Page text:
Rediscovery

A review of Liz Strange’s “Erased” (Dark Continents Publishing, 2014)
By Derek Newman-Stille

Cover photo for Erased courtesy of the author

Cover photo for Erased courtesy of the author

Liz Strange’s “Erased” is an intersection of stories of loss and secrecy. Set in the future in a world with the capacity to erase a person’s memory with one needle stroke, “Erased” opens with character Grey Singer who has woken uncertain of her identity, her selfhood, or any markers of the person she once was. She finds identification hidden in the seams of her clothing, but it is the identification of several different people, all with her face, further complicating the question of her identity.

Singer is able to discover that she was part of covert activities, and her search for her own memory is complicated by the secrecy that she shaped around her life. This intertwining of uncertainties is made more complicated by the fact that the act of recovering her memories itself comes with a price – the potential that trying to push herself to discover more can cause a repeat of the memory loss and put her in the position of having to re-discover herself from scratch once again. Singer is in a state of perpetual discovery of her identity and perpetual loss… but the new her is someone who she may be more comfortable with anyway. The new her doesn’t have all of the barriers that are raised by trying to block herself from caring, and the new her is capable of letting down her barriers enough to love.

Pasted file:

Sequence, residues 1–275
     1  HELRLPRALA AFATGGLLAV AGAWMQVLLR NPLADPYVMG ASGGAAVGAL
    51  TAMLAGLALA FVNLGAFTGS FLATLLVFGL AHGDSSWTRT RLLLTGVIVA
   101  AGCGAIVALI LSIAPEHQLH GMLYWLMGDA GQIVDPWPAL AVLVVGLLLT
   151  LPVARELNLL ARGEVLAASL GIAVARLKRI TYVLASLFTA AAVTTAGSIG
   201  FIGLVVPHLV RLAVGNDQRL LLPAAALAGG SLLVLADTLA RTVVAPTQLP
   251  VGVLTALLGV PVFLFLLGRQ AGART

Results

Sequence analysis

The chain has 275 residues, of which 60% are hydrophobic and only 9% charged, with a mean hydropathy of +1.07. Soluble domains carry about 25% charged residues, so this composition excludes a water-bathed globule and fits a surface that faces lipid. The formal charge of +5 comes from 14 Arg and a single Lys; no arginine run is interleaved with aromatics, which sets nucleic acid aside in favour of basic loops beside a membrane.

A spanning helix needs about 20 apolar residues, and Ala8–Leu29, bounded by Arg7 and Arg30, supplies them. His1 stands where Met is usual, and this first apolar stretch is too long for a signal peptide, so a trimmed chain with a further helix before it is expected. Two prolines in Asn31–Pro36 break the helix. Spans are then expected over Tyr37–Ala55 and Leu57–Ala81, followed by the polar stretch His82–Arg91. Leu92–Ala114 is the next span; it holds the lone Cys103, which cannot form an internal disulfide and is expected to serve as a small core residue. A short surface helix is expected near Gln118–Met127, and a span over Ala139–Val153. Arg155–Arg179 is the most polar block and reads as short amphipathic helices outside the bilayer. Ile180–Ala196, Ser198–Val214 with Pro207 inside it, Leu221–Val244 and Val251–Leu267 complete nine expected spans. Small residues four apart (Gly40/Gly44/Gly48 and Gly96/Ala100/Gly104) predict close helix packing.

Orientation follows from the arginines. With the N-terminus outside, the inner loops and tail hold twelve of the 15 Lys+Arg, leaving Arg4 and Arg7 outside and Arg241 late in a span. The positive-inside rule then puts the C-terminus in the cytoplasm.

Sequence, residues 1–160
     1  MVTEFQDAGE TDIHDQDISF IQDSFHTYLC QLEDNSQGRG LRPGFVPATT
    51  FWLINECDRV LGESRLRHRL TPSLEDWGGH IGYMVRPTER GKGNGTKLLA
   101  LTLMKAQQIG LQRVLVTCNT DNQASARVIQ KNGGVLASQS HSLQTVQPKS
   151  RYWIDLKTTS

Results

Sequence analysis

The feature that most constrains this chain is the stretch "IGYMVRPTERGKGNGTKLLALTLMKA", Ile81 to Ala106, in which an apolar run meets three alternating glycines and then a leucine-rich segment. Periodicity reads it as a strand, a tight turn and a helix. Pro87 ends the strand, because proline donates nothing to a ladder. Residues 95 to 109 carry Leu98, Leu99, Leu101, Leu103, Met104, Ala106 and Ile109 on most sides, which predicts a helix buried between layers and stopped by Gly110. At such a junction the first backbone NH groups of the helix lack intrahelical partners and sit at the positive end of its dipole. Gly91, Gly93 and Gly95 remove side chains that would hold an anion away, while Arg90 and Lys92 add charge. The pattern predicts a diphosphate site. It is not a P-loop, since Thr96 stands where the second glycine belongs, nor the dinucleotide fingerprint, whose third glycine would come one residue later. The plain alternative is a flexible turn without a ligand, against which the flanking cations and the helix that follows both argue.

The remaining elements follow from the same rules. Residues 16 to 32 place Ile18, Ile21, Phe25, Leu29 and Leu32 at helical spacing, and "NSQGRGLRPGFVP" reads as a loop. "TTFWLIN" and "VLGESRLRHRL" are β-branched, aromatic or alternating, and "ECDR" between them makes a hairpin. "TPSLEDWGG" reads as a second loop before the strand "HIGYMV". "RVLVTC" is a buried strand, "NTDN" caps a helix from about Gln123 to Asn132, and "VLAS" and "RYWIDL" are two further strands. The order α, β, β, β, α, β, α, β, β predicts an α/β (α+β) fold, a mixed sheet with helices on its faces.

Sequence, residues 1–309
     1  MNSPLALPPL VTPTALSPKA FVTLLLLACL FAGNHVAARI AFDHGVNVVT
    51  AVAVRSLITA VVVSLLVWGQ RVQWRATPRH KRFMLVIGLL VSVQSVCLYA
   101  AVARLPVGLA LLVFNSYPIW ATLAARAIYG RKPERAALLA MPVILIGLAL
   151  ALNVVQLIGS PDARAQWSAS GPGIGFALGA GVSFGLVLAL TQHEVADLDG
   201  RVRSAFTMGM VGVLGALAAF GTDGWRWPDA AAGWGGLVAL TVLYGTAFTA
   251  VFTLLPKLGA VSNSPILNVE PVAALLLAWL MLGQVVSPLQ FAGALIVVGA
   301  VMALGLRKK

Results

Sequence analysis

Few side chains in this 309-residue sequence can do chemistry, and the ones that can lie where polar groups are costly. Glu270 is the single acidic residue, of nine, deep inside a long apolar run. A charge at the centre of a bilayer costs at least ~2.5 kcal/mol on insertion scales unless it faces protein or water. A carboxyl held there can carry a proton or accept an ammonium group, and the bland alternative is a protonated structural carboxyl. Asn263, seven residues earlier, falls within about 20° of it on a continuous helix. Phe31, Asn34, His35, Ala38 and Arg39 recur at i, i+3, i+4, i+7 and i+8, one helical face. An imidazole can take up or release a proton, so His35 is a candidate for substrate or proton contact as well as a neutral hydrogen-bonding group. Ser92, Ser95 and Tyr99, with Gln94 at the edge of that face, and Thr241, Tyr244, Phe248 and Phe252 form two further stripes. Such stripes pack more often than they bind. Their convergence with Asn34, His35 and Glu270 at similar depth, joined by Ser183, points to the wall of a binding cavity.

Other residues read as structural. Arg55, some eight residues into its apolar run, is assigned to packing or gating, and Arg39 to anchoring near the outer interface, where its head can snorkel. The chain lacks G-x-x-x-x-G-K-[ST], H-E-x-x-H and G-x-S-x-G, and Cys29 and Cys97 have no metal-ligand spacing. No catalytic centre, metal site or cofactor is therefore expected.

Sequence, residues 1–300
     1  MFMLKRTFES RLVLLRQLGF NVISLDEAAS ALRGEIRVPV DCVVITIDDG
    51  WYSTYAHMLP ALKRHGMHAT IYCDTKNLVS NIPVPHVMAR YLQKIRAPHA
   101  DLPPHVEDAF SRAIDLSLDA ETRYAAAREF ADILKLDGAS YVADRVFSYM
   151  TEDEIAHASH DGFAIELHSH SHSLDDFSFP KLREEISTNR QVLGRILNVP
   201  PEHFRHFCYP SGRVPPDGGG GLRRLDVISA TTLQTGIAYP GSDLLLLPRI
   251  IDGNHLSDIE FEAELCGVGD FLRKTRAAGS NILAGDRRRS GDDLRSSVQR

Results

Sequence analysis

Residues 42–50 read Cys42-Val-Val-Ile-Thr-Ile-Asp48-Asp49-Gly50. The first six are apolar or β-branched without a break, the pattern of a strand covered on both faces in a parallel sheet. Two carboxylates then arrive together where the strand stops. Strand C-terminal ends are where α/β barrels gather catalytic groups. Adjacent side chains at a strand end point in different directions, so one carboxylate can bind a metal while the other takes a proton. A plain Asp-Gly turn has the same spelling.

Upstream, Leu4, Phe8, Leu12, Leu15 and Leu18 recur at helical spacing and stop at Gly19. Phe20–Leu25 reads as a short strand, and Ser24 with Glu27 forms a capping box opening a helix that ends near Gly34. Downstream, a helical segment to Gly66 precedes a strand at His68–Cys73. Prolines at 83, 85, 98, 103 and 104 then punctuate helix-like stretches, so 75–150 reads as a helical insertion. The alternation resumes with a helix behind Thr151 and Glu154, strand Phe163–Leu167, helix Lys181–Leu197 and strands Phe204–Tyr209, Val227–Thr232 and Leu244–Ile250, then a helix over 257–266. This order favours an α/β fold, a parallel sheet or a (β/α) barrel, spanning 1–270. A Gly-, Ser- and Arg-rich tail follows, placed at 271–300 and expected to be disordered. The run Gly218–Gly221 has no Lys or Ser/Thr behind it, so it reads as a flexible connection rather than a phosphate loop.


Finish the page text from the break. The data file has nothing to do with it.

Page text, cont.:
The only problem is that because of the secrecy her previous job required, she is now left uncertain who to trust since neither her own memories nor her records hold any keys about which people around her are safe for her to become comfortable around

Lis Strange puts readers into the position of questioning their notions of loss and considering the idea that memories may not make up everything about a person. She invites readers to explore their own engagement with the notion of memory and our social fear of the loss of memory. She plays with ideas of uncertainty, and, particularly uncertainties around identity in order to put her reader into a position of mystery, shaping the overall spy-fi story around a general feeling of curiosity.

You can discover more about the work of Liz Strange on her website at http://www.lizstrange.com

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